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Kochia, a sleepy community on the shores of Lake Victoria in Western Kenya, is caught in the turmoil among traditional ways of life, excitement brought about by development projects and the throes of relentless globalization. Cellphones are spreading HIV and funerals are killing people. Cows are drowning in enormous holes dug by white people. Girls are dropping out of school and children are being rented to orphanages. Crusades and miracle services are blurring the lines between religion and crime. Along with the rapidly declining fish population in the lake, the time to ‘teach people how to fish’ has passed. It is time for direct and decisive action. Obongo, Okello, Sister Phoebe and friends unravel the complexities of community challenges and design practical solutions to address them. From cardboard coffins to toothbrush currencies and professional praising services, the solutions are simple, frugal and ingenious. The Kochia Chronicles take readers headlong into the lives and adventures of people in this quintessential African village as they usher in an era of design, innovation and entrepreneurship.
The Kochia Chronicles owe their genesis to the author’s experiences in conducting research and advancing technology-based social ventures in East Africa over the past decade. They draw heavily from the vast literature on development studies and the work of several innovators and entrepreneurs. The stories weave a compelling web of concepts, approaches, facts, statistics, norms, musings, emotions…and full-page illustrations to help readers empathize with the people, their context, and their choices. The Kochia Chronicles are fictitious narratives that bring to life the paradoxical simplicity and complexity of development challenges with the objective of informing and inspiring innovation that leads to the self-determined improvement of lives and livelihoods.
#1 Obongo’s Scramble for the Signboard
When traveling through East Africa, one cannot miss the bombastic signboards that proclaim businesses, self-help projects and development initiatives. A disproportionate amount of money is spent on erecting signboards years before the projects comes to fruition, if at all. This story introduces the residents of Kochia whose adventures are chronicled in this series. The struggle of collecting monthly dues from members of a community-based organization (CBO) to put up a signboard for a solar power project is described. The story illustrates the importance and ubiquity of rituals and symbols like formal speeches, extravagant feasts, elaborate signboards and expensive SUVs in modern African culture. A brief character and life sketch of the lead actors helps the readers understand their circumstances and choices.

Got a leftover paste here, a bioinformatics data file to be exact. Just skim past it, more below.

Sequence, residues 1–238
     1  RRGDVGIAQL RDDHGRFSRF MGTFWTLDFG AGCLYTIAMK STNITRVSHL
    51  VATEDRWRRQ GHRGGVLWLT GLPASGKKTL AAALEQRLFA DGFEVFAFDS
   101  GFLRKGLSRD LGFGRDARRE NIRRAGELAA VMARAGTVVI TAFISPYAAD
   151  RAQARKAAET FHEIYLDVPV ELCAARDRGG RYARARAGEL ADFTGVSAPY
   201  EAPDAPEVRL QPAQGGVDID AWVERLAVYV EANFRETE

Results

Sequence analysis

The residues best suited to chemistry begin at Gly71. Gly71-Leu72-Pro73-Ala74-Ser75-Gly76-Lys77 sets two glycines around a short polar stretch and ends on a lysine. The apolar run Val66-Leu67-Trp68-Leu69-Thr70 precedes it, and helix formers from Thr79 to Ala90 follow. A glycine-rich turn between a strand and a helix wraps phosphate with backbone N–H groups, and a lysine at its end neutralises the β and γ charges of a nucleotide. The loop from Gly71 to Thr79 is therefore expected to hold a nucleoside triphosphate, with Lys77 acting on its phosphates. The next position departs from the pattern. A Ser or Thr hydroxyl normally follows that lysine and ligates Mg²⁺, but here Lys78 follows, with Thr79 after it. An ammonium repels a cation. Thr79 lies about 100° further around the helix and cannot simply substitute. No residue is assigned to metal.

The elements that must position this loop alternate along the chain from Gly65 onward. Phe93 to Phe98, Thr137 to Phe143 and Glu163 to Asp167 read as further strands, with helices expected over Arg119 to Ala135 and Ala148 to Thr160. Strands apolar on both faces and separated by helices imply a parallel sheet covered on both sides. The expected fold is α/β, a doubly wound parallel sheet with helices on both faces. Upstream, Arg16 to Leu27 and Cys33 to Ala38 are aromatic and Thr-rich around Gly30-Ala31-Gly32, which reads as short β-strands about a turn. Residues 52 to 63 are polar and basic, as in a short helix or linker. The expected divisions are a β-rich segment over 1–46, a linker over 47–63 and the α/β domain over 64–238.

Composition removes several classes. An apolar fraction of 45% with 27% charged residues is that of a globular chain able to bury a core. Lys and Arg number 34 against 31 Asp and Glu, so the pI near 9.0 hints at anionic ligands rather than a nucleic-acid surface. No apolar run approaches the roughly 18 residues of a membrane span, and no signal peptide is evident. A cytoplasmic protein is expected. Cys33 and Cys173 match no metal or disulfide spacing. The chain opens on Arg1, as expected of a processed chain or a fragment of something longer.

After a year-long screening process, Kochia has been selected for a solar power project. Government officials and Chief Achieng from the Sustainable Utopian Village (SUV) Foundation inform Obongo, the leader of the Empower Kochia Community-based Organization (CBO), that five large solar panels are to be installed for people to recharge their LED lanterns. The CBO members resolve that no expense should be spared to erect a signboard that fits the stature of this project that marks a new chapter in the history of Kochia. After a long tussle, Obongo negotiates the signboard with a professional painter, Godgift, who is infamous for his poor spelling. As we follow Obongo through his long walks and matatu trips trying to collect pending monthly dues from fifteen members, we learn about Kochia, its people, and their way of life. The signboard is finally inaugurated during an elaborate ceremony replete with never-ending speeches, preaching and a grand feast. What Obongo really wants to know is whether Godgift will deliver the promised signboard, whether Chief Achieng will clarify the project’s start date, and whether he will be able to save enough money to enjoy a cold soda with the esteemed guests, assuming they show up!
#2 Janet’s Momentous HIV / AIDS Workshop
The HIV/AIDS epidemic has deeply impacted the social fabric of East Africa. A few million lives have been lost and many more have been burdened with caring for relatives living with HIV. Relatives and voluntary health workers who provide care to HIV patients receive training in workshops sponsored by the government or a variety of non-profit organizations. This story describes the discussions and dynamics at one such educational workshop. Almost half of all new HIV infections occur among young people under the age of 25 and they are mostly caused due to unprotected sex. The controversy pitting abstinence advocacy against educating young people about using condoms is discussed along with steps being taken by various groups to fight the epidemic. HIV/AIDS implicates every single person in Sub-Saharan Africa and understanding the complications and paradoxes presented by the epidemic is absolutely critical.